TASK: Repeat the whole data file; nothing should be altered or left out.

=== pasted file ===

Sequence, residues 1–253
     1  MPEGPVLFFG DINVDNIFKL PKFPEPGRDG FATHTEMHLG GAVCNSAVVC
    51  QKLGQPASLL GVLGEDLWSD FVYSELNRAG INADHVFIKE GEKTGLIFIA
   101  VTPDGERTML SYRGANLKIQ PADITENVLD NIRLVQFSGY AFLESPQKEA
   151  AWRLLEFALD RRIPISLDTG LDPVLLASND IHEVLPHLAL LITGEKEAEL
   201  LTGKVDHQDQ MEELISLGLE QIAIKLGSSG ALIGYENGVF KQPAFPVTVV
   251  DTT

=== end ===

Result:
Sequence, residues 1–253
     1  MPEGPVLFFG DINVDNIFKL PKFPEPGRDG FATHTEMHLG GAVCNSAVVC
    51  QKLGQPASLL GVLGEDLWSD FVYSELNRAG INADHVFIKE GEKTGLIFIA
   101  VTPDGERTML SYRGANLKIQ PADITENVLD NIRLVQFSGY AFLESPQKEA
   151  AWRLLEFALD RRIPISLDTG LDPVLLASND IHEVLPHLAL LITGEKEAEL
   201  LTGKVDHQDQ MEELISLGLE QIAIKLGSSG ALIGYENGVF KQPAFPVTVV
   251  DTT